Freeman is the co-author of a leading casebook in environmental law (with Daniel Farber and Ann Carlson) and has produced two other significant books: “Moving to Markets in Environmental Regulation: Lessons after Twenty Years of Experience” (Oxford University Press 2006, edited with Charles Kolstad) and “Government by Contract: Outsourcing and American Democracy” (Harvard University Press, 2009, edited with Harvard Law School Dean Martha Minow). In 2006, Freeman authored an amicus brief on behalf of former Secretary of State Madeleine Albright, in MA v. EPA, the global warming case decided by the Supreme Court in 2007. Her analysis of the implications of the case, “Massachusetts v. EPA: From Politics to Expertise” (with HLS Professor Adrian Vermeule), appears in the 2007 Supreme Court Review.

An expert in property, intellectual property, natural resources, and taxation, Henry E. Smith joined the HLS faculty in 2009. His inventive and wide ranging scholarship includes: “Community and Custom in Property,” 10 Theoretical Inquiries in Law 5 (2009); “Intellectual Property as Property: Delineating Entitlements in Information,” 116 Yale Law Journal 1742 (2007); “The Language of Property: Form, Context, and Audience,” 55 Stanford Law Review 1105 (2003); and “Exclusion versus Governance: Two Strategies for Delineating Property Rights,” 31 Journal of Legal Studies S453 (2002).

Smith is the co-author with Thomas W. Merrill of “Property: Principles and Policies,” a casebook on property law and co-author with F. Scott Kieff, Pauline Newman, and Herbert F. Schwartz of “Principles of Patent Law: Cases and Materials” (Foundation Press 4th ed. 2008). His forthcoming works include “Institutions and Indirectness in Intellectual Property,” University of Pennsylvania Law Review, and “Mind the Gap: The Indirect Relation between Ends and Means in American Property Law,” Cornell Law Review. He serves on the board of advisors for the Journal of Law, Economics, and Policy and leads a new initiative in private law theory at Harvard Law School.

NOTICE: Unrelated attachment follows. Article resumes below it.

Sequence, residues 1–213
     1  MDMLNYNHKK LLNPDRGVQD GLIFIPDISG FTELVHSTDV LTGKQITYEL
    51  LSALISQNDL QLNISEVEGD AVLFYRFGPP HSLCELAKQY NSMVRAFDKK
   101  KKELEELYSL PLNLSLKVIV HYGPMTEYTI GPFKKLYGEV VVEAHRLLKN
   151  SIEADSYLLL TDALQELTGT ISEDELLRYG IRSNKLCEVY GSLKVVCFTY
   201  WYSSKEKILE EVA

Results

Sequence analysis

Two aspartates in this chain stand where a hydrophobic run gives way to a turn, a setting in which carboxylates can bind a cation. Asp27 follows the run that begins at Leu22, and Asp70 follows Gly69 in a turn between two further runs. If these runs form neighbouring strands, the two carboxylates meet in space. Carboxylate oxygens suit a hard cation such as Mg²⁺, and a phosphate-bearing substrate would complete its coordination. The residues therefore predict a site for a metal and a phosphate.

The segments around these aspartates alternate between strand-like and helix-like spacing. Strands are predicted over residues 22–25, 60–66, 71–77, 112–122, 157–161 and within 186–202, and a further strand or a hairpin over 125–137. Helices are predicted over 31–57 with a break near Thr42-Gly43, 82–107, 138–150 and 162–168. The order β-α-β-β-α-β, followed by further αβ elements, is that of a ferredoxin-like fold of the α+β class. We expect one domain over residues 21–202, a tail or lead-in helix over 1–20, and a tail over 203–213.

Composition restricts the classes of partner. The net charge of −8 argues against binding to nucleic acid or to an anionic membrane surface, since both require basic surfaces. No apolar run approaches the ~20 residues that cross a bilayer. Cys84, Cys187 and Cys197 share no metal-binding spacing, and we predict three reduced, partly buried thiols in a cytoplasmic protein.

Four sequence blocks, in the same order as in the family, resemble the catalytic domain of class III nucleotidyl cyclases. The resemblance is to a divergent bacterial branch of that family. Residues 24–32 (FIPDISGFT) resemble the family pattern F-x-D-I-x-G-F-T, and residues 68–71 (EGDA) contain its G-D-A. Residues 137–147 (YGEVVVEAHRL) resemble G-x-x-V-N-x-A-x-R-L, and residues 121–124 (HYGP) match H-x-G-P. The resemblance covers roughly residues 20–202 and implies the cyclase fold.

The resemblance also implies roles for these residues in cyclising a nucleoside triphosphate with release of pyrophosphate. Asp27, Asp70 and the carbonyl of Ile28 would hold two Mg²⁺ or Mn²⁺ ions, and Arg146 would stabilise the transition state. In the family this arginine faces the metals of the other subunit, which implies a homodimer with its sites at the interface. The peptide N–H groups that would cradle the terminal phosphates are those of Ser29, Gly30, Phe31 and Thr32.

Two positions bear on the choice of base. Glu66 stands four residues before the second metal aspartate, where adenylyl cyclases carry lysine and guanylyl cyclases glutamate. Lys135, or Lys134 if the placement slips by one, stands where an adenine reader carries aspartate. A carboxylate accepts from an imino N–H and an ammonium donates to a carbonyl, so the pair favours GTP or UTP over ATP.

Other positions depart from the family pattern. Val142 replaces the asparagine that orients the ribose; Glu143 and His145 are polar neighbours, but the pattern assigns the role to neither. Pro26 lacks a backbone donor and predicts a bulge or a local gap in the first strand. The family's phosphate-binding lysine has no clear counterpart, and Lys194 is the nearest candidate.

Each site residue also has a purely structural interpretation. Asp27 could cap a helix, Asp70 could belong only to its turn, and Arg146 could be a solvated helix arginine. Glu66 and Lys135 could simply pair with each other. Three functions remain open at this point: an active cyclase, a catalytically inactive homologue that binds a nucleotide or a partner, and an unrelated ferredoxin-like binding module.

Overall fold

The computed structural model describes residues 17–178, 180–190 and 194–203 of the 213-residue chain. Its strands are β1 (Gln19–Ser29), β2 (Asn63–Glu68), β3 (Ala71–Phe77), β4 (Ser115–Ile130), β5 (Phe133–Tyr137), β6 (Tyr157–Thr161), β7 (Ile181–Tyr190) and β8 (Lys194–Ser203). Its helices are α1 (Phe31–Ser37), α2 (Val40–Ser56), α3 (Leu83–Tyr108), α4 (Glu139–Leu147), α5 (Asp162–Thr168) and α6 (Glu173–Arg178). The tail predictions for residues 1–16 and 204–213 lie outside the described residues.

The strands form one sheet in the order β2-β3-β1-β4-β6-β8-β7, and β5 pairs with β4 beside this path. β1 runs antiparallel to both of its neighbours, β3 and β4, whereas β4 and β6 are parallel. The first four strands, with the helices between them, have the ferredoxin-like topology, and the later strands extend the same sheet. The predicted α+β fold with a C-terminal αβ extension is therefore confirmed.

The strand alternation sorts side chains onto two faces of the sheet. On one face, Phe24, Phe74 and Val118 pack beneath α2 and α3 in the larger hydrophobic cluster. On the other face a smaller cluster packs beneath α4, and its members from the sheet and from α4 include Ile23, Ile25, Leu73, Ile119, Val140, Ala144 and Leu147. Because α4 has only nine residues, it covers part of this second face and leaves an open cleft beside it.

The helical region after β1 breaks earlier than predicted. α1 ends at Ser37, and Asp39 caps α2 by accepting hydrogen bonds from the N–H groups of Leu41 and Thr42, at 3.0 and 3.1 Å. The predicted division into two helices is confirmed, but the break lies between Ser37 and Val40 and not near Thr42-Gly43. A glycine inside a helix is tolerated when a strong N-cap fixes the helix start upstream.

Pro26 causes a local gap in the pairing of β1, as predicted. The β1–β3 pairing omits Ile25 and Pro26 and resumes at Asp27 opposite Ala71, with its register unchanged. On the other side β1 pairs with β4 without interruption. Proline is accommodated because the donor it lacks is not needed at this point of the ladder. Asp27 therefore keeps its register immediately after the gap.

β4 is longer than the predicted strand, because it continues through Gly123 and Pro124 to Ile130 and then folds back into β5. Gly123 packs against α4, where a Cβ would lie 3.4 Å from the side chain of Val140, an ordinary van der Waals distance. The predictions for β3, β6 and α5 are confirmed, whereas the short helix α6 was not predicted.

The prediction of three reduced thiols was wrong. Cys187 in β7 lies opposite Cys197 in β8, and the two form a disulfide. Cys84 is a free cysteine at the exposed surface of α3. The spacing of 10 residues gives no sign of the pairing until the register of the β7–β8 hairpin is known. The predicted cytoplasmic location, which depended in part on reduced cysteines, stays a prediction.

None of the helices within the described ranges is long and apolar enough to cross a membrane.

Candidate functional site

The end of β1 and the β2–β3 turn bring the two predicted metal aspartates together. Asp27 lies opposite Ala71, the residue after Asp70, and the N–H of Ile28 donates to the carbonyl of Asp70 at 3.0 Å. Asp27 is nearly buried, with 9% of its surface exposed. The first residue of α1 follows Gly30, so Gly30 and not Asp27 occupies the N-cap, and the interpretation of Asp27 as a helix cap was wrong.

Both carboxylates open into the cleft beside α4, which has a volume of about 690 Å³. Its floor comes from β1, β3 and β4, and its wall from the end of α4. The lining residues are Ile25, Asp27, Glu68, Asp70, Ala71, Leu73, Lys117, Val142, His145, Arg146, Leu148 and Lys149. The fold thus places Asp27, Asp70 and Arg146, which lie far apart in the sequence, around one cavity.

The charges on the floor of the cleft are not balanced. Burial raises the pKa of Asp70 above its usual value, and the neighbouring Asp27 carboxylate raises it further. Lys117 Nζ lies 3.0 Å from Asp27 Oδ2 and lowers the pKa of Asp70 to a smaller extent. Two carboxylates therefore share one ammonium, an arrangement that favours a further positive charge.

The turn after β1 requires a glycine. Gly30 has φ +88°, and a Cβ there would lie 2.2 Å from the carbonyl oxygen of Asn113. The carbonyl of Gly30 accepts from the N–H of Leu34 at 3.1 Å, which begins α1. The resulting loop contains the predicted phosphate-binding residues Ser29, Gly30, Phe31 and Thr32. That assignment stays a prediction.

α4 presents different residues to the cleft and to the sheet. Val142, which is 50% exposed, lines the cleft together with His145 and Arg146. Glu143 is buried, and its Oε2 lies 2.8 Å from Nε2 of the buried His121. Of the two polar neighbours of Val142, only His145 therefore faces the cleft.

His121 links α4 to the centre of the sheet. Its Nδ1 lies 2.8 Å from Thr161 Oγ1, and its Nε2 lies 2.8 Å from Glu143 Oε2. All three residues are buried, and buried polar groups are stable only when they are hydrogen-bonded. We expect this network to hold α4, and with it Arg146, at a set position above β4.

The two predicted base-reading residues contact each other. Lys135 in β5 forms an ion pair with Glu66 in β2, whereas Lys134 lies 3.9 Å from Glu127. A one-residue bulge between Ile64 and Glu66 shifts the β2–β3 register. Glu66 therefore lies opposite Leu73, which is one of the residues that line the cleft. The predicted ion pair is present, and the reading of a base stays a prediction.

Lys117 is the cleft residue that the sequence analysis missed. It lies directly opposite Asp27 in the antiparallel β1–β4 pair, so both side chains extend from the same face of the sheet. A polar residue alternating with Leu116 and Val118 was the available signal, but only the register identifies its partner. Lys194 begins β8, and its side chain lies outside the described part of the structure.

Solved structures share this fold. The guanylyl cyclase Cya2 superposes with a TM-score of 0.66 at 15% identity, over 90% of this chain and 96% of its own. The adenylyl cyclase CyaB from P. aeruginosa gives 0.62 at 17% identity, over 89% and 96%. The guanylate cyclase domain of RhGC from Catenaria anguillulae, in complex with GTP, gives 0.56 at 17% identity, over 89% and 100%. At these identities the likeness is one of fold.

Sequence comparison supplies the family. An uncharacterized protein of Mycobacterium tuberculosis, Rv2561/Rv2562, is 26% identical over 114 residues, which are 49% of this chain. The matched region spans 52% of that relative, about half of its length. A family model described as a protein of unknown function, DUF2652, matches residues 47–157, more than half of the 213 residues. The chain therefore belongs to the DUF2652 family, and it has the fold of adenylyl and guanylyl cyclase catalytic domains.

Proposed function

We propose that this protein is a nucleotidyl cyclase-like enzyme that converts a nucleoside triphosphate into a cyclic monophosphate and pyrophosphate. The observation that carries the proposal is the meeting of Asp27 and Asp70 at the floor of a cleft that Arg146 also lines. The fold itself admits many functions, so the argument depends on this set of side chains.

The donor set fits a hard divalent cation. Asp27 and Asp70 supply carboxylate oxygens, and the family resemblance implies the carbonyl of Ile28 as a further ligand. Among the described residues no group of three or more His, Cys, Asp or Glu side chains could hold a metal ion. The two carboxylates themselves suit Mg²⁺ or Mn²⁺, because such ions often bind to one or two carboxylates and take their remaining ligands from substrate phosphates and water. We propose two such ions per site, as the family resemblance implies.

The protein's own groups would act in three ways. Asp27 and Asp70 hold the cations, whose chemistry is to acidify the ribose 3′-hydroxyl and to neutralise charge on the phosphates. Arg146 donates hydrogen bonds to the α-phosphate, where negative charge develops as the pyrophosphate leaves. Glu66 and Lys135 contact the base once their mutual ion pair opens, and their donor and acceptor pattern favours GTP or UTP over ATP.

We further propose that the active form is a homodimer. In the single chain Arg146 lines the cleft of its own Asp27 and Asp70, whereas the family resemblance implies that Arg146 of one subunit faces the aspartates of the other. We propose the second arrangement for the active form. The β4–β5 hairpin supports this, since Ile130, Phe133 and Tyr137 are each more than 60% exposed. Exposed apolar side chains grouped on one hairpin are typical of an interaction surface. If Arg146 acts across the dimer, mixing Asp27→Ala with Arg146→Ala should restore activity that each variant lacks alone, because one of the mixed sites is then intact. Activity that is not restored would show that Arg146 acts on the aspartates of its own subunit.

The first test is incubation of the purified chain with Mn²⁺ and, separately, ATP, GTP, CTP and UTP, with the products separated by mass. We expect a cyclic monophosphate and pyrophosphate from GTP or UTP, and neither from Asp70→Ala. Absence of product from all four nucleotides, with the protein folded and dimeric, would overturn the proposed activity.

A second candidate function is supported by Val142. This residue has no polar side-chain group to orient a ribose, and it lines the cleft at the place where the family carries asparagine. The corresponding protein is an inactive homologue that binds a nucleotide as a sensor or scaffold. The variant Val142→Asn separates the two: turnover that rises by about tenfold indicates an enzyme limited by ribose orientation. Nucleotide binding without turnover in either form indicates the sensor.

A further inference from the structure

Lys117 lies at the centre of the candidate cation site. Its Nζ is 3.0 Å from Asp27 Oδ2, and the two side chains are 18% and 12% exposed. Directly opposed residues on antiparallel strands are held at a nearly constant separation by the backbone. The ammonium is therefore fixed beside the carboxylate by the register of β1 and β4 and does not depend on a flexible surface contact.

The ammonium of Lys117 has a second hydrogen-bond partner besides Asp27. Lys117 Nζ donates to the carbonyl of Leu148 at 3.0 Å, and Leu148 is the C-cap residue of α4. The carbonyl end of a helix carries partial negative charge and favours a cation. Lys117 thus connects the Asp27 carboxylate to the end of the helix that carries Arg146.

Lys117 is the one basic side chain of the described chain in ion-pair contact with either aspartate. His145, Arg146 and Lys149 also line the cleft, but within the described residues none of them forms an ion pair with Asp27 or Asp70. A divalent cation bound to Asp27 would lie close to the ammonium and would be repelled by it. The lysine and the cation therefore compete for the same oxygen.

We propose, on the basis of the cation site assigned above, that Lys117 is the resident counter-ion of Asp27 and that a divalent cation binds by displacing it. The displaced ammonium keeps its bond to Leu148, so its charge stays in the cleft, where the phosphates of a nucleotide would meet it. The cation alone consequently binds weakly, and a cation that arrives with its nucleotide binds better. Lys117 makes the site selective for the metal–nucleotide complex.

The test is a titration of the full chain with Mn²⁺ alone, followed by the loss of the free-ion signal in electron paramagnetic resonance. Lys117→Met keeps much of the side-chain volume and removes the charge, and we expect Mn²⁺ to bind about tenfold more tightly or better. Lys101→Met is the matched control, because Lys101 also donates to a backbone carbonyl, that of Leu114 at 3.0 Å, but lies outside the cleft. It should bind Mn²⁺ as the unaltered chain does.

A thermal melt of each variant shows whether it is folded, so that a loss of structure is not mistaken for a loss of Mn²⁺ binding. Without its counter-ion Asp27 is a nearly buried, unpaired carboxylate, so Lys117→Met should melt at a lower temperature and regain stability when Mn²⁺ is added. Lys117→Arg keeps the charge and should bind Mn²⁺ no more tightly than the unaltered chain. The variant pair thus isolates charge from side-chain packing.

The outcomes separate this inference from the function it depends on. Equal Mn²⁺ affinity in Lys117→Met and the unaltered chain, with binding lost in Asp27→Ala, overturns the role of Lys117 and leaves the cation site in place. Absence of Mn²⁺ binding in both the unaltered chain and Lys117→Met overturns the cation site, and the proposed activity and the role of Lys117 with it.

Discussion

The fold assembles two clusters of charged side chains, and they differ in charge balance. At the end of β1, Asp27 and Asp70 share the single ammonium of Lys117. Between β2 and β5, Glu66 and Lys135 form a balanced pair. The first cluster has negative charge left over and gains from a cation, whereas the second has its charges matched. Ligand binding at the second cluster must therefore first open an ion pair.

Dean Martha Minow noted, “I am so delighted to be able to recognize Henry Smith’s remarkable intellectual depth and breadth as we award him one of our oldest and most distinguished chairs.”

Upon his death in 1931, Franklin G. Fessenden LL.B. ’1872 left one third of his residual estate to Harvard, stipulating that the money, “be invested and held by them until with the accumulations of income therefrom…shall in their opinion be sufficient for the establishment and maintenance of a full professorship…This I do in grateful recognition of what that Law School has done for me.” The Fessenden Professorship was created in 1941. A lawyer in Fitchburg, Mass., Fessenden was appointed to the Superior Court of Massachusetts in 1891, a post he held until his retirement from the court in 1922.

Before coming to HLS, Smith held a joint appointment as the Fred A. Johnston Professor of Property and Environmental Law and as professor of cognitive science at Yale Law School. Smith earned his J.D. from Yale Law School in 1996, winning the Benjamin Scharps Prize for best third-year paper. After law school, he clerked for the Honorable Ralph K. Winter, United States Court of Appeals for the Second Circuit.

In addition to his legal scholarship, he also holds a Ph.D. in linguistics from Stanford University. Prior to attending law school, he taught linguistics at the University of Chicago and at Indiana University in Bloomington. Smith holds an A.B. from Harvard University.